Market volatility, climate change and digitalization key issues
The financial services industry, but also companies from other sectors, continues to face multiple risk management challenges in the current economic climate. Markets are likely to become more volatile with the increased risk of asset bubbles and inflation rising in different parts of the world. At the same time, more banks and insurers are expected to assign individual responsibility for overseeing financial risks arising from climate change, while investors are paying closer attention to the adequate and timely disclosure of the risk that it poses for the company or financial instrument they invest in. The tightening regulatory environment, the prospect of climate change litigation or ‘greenwashing’ allegations could all potentially impact D&Os.
Meanwhile, digitalization has further accelerated following Covid-19, creating enhanced cyber and IT security exposures for companies. This requires firms’ senior management to maintain an active role in steering the ICT (information and communication technologies) risk management framework. “IT outages and service disruptions or cyber-attacks could bring significant business interruption costs and increased operating expenses from a variety of causes including customer redress, consultancy costs, loss of income and regulatory fines. Last, but not least, brand reputation can also suffer. All this can ultimately impact a company’s stock price with management being held responsible for the level of preparedness,” says Head of Financial Lines for South Africa and France, Pauline Vacher.
Heightened litigation risk in the US
Litigation risk continues to be a top D&O concern, in particular around shareholder derivative actions which are increasingly being brought on behalf of foreign companies in US courts. “A number of new lawsuit filings, the recent openness of certain courts to extending long-arm jurisdiction, and a possibly record-breaking settlement announced in October 2021, point to heightened US litigation risk for directors and officers of non-US domiciled companies,” David Ackerman, Global Claims Key Case Management at AGCS emphasizes.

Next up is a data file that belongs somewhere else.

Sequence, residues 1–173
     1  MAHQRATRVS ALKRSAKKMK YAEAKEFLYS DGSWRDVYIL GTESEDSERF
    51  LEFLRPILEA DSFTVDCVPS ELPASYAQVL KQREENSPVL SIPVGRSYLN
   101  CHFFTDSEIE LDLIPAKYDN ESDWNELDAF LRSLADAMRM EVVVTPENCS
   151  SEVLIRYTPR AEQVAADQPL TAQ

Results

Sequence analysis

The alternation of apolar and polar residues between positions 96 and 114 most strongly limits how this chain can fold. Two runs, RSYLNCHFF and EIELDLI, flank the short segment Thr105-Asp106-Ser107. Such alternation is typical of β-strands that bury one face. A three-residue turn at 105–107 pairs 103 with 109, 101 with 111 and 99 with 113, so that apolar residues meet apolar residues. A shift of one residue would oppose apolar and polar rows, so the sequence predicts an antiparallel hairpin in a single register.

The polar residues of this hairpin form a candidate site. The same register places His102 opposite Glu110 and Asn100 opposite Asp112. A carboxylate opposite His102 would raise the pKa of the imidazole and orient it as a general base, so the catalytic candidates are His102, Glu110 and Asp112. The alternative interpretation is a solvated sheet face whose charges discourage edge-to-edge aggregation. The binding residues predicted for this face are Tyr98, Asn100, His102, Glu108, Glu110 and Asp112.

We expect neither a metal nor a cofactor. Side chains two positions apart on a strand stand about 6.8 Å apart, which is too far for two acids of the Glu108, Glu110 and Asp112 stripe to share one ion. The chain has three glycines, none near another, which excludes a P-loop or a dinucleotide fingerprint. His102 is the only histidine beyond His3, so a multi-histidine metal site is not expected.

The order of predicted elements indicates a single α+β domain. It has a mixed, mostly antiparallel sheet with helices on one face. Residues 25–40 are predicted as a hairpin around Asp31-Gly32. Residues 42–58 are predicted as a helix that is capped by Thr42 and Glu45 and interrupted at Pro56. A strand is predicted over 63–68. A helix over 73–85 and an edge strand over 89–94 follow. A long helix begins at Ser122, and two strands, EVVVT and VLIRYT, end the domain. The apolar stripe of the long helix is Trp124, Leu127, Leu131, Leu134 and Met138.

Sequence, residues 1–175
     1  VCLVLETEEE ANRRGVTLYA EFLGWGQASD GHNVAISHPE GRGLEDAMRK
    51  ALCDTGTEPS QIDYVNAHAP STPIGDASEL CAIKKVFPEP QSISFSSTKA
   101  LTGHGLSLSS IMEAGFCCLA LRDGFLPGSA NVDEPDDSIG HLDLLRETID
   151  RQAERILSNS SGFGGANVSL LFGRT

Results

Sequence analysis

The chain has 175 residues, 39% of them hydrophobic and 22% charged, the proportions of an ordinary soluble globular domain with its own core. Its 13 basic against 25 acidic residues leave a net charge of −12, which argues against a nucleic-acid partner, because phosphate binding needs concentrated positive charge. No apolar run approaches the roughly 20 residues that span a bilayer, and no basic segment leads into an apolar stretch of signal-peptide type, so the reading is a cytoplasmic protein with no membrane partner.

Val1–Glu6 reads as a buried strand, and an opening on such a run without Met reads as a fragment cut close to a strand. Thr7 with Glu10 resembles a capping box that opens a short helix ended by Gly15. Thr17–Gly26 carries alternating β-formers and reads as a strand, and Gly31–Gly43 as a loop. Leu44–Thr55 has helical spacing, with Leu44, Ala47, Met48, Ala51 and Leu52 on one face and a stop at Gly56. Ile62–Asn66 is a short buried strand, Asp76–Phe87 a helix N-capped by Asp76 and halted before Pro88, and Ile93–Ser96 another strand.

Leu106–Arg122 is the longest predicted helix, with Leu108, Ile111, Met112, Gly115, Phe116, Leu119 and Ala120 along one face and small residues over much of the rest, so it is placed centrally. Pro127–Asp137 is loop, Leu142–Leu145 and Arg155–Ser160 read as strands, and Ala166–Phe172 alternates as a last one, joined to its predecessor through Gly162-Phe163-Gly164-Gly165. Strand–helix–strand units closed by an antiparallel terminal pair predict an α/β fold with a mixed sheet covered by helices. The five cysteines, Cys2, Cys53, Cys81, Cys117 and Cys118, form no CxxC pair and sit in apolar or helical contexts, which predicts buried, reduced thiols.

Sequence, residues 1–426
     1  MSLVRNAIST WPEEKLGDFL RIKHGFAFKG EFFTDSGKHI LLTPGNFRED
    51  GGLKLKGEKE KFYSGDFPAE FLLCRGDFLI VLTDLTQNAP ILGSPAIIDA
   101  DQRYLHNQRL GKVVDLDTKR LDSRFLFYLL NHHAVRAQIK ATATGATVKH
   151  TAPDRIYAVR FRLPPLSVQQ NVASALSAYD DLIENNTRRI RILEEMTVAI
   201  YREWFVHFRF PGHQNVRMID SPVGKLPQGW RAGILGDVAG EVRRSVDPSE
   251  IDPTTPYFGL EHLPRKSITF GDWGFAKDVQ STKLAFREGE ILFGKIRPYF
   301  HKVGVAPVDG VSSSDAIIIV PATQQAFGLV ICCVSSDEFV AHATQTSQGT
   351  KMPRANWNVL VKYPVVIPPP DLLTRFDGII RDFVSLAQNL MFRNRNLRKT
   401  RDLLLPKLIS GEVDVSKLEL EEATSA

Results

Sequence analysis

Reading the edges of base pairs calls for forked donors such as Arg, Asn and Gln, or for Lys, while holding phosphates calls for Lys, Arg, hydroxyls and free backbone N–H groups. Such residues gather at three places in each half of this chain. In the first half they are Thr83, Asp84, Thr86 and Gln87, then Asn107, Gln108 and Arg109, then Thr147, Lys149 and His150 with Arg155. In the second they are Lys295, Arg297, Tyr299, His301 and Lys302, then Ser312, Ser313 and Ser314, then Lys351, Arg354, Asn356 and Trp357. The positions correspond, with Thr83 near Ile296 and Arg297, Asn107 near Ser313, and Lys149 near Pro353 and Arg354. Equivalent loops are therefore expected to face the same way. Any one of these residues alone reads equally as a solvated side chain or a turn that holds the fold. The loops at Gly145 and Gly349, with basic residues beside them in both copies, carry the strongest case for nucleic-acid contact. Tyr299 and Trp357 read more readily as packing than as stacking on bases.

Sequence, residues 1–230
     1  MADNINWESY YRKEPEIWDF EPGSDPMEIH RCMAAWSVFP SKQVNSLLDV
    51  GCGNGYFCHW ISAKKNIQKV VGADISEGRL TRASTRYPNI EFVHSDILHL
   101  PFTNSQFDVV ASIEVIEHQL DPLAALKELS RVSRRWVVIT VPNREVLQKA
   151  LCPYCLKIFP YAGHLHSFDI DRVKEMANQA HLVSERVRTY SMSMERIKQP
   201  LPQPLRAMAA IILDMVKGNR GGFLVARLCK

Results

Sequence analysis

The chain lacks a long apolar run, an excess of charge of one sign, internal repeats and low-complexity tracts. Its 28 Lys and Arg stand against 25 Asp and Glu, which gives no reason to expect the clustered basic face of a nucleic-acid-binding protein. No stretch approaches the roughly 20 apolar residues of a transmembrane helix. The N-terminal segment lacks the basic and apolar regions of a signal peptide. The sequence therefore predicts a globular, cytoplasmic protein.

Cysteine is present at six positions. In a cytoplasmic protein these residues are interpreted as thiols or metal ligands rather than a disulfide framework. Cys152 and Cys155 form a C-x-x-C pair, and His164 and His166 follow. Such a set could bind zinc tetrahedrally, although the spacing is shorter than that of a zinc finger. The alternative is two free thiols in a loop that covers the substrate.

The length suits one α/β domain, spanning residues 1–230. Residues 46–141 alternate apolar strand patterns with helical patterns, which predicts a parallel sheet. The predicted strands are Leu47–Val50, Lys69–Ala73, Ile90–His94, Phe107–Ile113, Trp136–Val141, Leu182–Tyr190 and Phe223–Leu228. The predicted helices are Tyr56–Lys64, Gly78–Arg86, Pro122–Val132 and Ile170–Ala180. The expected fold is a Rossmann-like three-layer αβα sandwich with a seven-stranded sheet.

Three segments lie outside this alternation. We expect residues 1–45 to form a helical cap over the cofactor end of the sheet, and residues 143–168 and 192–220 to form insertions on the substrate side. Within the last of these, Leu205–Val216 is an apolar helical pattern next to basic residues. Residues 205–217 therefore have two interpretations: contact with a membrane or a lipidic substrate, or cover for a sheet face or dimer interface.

Since early 2020, a group of plaintiffs’ firms has brought more than 10 derivative lawsuits in New York state courts on behalf of shareholders of non-US companies seeking to hold directors and officers legally and financially accountable for various breaches of duty to their corporations. The financial hurdles to bring suit in the US are significantly lower than in many other countries, while US courts and juries are considered more plaintiff-friendly than many others around the world. The consequences to directors and officers forced to defend themselves in derivative litigation before US courts can be severe. In what may turn out to be a record-setting settlement for a US derivative lawsuit, in October of this year defendants agreed to pay a minimum of US$300mn to settle litigation brought in a New York state court by shareholders of Renren, a social media corporation based in China, and incorporated in the Cayman Islands, after allegations of corporate misconduct.